This preview has intentionally blurred sections. Sign up to view the full version.View Full Document
Unformatted text preview: CHAPTER 1 THE ACCOUNTANT'S ROLE IN THE ORGANIZATION See the front matter of this Solutions Manual for suggestions regarding your choices of assignment material for each chapter. 1-1 Management accountants can help in formulating strategy by providing information about the sources of competitive advantage—for example, the cost, productivity, or efficiency advantage of their company relative to competitors or the premium prices a company can charge relative to the costs of adding features that make its products or services distinctive. 1-2 Management accounting measures and reports financial and nonfinancial information that helps managers make decisions to fulfill the goals of an organization. It focuses on internal reporting. Financial accounting focuses on reporting to external parties. It measures and records business transactions and provides financial statements that are based on generally accepted accounting principles (GAAP). Other differences include: (1) management accounting emphasizes the future, (2) management accounting influences the behavior of managers and employees (3) management accounting is not restricted by Generally Accepted Accounting Principles and (4) management accounting covers more topics. 1.3 Planning decisions focus on (a) selecting organization goals, predicting results under various alternative ways of achieving those goals, deciding how to attain the desired goals, and (b) communicating the goals and how to attain them to the entire organization. Control decisions focus on (a) taking actions that implement the planning decisions, and (b) deciding how to evaluate performance and what related feedback to provide that will help future decision making. 1.4 The three roles are: 1. Problem solving—comparative analysis for decision making. 2. Scorekeeping—accumulating data and reporting results to all levels of management describing how the organization is doing. 3. Attention directing—helping managers to focus on opportunities and problems. 1.5 Financial accounting is constrained by generally accepted accounting principles. Management accounting is not restricted to these principles. The result is that: • management accounting allows managers to charge interest on owners’ capital to help judge a division’s performance, even though such a charge is not allowed under GAAP, • management accounting can include assets or liabilities (such as “brand names” developed internally) not recognized under GAAP, and • management accounting can use asset or liability measurement rules (such as present values or resale prices) not permitted under GAAP. 1-1 1-6 The business functions in the value chain are: • Research and development —generating and experimenting with ideas related to new products, services, or processes....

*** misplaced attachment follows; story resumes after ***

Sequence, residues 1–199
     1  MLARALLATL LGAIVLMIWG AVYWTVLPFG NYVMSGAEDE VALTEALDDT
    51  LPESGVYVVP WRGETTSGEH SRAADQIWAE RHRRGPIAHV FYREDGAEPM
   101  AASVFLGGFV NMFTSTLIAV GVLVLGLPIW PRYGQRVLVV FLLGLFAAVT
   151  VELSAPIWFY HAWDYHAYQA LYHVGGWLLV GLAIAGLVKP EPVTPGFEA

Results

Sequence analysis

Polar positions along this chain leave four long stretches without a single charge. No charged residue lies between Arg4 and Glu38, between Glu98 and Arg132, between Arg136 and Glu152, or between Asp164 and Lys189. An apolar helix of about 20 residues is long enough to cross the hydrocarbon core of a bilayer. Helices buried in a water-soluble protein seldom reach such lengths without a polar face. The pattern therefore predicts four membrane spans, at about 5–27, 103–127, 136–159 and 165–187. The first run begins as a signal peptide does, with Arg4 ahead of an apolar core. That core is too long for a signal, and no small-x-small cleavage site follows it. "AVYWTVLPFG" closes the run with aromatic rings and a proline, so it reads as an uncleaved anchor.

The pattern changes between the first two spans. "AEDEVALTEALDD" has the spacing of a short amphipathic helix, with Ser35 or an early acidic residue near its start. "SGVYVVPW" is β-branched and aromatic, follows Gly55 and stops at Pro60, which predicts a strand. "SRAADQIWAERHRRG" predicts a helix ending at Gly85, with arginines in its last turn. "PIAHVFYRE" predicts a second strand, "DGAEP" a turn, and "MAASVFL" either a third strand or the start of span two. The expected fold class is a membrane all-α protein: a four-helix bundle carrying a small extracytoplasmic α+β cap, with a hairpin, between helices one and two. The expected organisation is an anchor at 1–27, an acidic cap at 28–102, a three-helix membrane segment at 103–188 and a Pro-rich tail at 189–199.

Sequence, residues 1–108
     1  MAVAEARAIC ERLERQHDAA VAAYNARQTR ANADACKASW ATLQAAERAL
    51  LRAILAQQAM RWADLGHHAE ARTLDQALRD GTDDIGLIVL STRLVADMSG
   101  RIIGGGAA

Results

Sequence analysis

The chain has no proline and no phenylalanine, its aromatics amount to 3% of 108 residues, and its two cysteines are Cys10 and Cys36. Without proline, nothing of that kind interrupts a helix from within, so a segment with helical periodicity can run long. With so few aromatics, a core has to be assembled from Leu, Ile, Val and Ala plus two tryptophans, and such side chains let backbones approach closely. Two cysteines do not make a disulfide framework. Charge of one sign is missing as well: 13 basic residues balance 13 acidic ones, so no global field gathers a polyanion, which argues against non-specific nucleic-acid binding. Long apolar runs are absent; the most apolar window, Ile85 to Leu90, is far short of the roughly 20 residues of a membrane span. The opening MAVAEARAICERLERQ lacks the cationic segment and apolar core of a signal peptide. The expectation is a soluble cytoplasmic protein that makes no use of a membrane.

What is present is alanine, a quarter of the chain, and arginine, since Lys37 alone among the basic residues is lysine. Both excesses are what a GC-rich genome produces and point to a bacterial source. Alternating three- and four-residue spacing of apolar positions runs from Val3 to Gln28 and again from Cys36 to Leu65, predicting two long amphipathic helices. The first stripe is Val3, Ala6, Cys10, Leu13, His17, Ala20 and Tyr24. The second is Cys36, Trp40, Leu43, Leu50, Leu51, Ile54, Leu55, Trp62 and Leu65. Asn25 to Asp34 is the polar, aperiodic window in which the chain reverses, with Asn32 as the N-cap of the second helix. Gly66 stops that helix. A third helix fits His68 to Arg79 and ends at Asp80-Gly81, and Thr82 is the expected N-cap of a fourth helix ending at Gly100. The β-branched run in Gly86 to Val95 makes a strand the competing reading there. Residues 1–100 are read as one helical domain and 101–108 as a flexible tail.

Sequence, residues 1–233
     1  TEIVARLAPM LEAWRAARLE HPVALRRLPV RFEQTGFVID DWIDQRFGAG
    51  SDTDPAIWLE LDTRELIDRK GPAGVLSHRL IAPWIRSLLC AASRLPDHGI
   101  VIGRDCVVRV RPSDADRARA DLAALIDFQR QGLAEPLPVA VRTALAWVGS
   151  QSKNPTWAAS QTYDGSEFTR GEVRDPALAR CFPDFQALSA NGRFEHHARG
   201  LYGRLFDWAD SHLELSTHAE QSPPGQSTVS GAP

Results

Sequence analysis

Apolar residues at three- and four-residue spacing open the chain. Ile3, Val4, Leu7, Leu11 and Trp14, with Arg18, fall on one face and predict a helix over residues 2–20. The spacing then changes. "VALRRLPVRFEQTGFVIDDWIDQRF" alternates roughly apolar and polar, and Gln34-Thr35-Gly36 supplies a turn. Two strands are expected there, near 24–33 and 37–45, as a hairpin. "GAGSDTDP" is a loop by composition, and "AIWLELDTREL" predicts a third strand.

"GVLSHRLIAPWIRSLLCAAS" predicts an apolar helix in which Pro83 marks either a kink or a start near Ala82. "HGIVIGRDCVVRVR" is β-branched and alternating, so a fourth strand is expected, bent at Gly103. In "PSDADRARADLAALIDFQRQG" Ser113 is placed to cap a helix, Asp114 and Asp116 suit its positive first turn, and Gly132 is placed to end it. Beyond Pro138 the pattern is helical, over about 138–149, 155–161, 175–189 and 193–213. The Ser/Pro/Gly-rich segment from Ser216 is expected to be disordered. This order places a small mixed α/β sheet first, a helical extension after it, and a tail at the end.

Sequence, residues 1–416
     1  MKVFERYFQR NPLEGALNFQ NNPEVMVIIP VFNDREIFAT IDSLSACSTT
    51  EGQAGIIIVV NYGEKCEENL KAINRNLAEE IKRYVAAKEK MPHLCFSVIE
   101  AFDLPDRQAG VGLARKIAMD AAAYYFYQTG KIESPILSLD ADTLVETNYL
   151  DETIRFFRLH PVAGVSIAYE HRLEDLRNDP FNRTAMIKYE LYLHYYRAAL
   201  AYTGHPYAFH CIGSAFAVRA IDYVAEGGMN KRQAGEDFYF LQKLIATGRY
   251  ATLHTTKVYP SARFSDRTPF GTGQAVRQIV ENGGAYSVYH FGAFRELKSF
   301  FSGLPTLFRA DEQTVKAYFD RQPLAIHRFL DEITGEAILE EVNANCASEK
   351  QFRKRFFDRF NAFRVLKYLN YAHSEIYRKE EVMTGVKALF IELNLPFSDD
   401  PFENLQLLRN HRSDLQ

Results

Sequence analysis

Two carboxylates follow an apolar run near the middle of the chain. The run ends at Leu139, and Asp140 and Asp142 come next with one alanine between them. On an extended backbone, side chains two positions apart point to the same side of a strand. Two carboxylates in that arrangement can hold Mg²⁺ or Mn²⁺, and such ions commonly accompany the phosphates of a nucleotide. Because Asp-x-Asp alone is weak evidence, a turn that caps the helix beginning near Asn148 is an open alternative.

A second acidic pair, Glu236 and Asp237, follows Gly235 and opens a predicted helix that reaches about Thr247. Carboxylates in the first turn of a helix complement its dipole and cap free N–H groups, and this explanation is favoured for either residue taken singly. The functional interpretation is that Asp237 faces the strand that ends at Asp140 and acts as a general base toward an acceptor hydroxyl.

View Full Document
- Fall '10
- Cost Accounting, IMA, management accountant, management accountants, attention directing